Khieu Samphan, former Khmer Rouge head of state, and Nuon Chea, who was the Khmer Rouge's No. 2 leader are on trial for genocide and other war crimes.
PHNOM PENH, Cambodia — The last two surviving leaders of Cambodia's radical Khmer Rouge regime still on trial for genocide and other war crimes issued their final defense Thursday, distancing themselves from the deaths of more than 1.7 million people who died during their rule.
Former head of state Khieu Samphan, 87, and 82-year-old Nuon Chea, the Khmer Rouge's chief ideologist and No. 2 leader, both made lengthy closing statements at the U.N.-backed tribunal in the capital, Phnom Penh.
A verdict is not expected in the case until the first half of next year, more than two years after the trial began.
Shortly after seizing Phnom Penh in April 1975, the Khmer Rouge forced an estimated 1 million people — even hospital patients — out of the capital, herding them en masse into the countryside in an effort to create a communist agrarian utopia.
AP Photo: Extraordinary Chambers in the Courts of Cambodia, Mark Peters
By the time the bizarre experiment ended in 1979 with a Vietnamese invasion, close to 2 million people were dead, most from starvation, medical neglect, slave-like working conditions and execution. Their bodies were dumped in shallow mass graves that still dot the country.
"It is easy to say that I should have known everything, I should have understood everything, and thus I could have intervened or rectified the situation at the time," Khieu Samphan defiantly told the court. "Do you really think that that was what I wanted to happen to my people?"
"The reality was that I did not have any power," he said.
Nuon Chea also defended his actions, saying he never ordered Khmer Rouge cadres "to mistreat or kill people to deprive them of food or commit any genocide."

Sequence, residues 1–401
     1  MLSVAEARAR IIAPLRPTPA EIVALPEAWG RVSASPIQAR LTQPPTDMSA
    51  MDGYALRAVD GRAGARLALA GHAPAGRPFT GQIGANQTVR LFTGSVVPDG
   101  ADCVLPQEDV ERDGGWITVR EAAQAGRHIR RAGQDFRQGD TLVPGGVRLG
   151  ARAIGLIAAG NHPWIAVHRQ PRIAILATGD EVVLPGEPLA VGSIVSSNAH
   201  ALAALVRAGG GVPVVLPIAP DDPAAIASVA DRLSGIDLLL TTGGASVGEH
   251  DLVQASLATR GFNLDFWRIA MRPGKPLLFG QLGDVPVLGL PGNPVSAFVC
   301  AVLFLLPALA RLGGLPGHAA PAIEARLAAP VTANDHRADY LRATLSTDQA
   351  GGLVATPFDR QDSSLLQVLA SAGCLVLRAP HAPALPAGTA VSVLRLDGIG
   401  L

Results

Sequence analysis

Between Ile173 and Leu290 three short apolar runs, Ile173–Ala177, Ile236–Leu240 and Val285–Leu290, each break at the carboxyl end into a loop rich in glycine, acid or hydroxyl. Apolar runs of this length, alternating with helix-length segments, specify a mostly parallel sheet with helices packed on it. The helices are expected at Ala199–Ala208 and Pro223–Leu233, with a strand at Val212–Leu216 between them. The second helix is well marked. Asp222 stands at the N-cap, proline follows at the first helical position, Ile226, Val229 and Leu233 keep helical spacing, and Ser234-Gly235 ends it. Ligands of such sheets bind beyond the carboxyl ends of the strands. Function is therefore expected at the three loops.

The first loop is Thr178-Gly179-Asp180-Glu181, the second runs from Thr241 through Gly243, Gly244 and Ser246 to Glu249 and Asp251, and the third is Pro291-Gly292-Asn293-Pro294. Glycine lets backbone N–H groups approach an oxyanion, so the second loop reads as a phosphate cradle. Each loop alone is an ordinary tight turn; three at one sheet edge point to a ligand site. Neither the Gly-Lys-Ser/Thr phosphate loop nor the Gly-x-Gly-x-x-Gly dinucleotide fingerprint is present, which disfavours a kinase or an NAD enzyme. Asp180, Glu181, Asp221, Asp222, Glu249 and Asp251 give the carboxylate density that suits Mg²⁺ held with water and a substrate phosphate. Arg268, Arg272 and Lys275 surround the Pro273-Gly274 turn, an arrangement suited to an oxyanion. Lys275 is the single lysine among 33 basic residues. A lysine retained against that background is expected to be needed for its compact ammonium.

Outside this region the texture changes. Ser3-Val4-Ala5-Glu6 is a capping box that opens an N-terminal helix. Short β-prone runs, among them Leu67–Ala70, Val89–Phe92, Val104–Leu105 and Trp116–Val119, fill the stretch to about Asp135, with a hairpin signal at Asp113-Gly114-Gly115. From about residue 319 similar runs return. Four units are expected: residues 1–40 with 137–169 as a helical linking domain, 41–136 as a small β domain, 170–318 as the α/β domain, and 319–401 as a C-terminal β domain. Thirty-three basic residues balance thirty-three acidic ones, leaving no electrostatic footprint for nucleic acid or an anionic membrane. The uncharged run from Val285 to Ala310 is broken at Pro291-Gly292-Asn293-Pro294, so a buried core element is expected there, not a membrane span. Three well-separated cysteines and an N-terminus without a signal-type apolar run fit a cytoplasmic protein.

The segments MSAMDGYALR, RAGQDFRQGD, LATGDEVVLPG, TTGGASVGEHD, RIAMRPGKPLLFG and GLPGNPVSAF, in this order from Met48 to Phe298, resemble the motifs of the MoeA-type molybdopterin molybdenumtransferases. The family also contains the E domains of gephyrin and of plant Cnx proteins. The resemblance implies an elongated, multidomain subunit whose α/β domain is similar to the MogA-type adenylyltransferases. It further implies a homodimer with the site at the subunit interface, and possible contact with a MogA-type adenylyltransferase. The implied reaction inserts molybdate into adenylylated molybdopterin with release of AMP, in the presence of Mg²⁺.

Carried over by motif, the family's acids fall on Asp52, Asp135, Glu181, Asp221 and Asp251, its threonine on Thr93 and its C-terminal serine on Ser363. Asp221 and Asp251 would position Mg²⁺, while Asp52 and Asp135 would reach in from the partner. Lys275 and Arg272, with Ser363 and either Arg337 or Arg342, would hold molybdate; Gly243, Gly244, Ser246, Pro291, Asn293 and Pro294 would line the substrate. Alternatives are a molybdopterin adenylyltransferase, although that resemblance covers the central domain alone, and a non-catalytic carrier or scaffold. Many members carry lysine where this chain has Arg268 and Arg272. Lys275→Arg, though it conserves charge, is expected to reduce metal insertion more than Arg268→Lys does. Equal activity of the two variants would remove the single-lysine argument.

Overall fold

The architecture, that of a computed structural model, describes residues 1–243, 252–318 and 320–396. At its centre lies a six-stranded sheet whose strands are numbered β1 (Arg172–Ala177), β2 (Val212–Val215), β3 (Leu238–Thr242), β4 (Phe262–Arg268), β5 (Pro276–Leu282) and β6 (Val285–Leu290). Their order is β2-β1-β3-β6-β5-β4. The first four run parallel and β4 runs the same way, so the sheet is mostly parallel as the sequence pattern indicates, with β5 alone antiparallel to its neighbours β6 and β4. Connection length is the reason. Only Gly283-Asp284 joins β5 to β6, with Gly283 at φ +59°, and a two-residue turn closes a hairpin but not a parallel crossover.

Unlike Khieu Samphan, however, Nuon Chea accepted "moral responsibility" for the deaths, repeating previous efforts to distance himself from actual crimes.
"I would like to sincerely apologize to the public, the victims, the families, and all Cambodian people," said the frail former leader, speaking steadily as he read from pages of notes. "I wish to show my remorse and pray for the lost souls that occurred by any means" during the Khmer Rouge rule.
Nuon Chea's words are unlikely to be any consolation for survivors, hundreds of whom crowded the courtroom and the tribunal's grounds.
"He is just trying to cheat the court so that he can be freed," said Bin Siv Lang, a 56-year-old woman who lost 11 relatives during the Khmer Rouge rule. "If he issued no orders to kill people, his subordinates would not have killed."
Death and disability have robbed the tribunal of other defendants. Khmer Rouge Foreign Minister Ieng Sary died in March, and his wife Ieng Thirith, the regime's social affairs minister, was declared unfit for trial in September 2012 after being diagnosed with dementia. The group's top leader, Pol Pot, died in 1998.
The tribunal, launched in 2006, so far has convicted only one defendant, Khmer Rouge prison director Kaing Guek Eav, who was sentenced to life imprisonment in 2011.
The present trial's focus is on the forced movement of people and excludes some of the gravest charges related to genocide, detention centers and killings.
Nuon Chea said he believed his trial proved he "was not engaged in any commission of the crimes as alleged by the co-prosecutors. ... In short, I am innocent."
Khieu Samphan said bitterly that he had lost faith in the tribunal because "no matter how hard I try to explain, they (the court's judges) will only turn their deaf ears at me."
"It is clear that everyone wants only one thing from me — that is, my admission of guilt ... concerning the acts that I have never ever committed at all."
Associated Press writer Sopheng Cheang contributed to this report.
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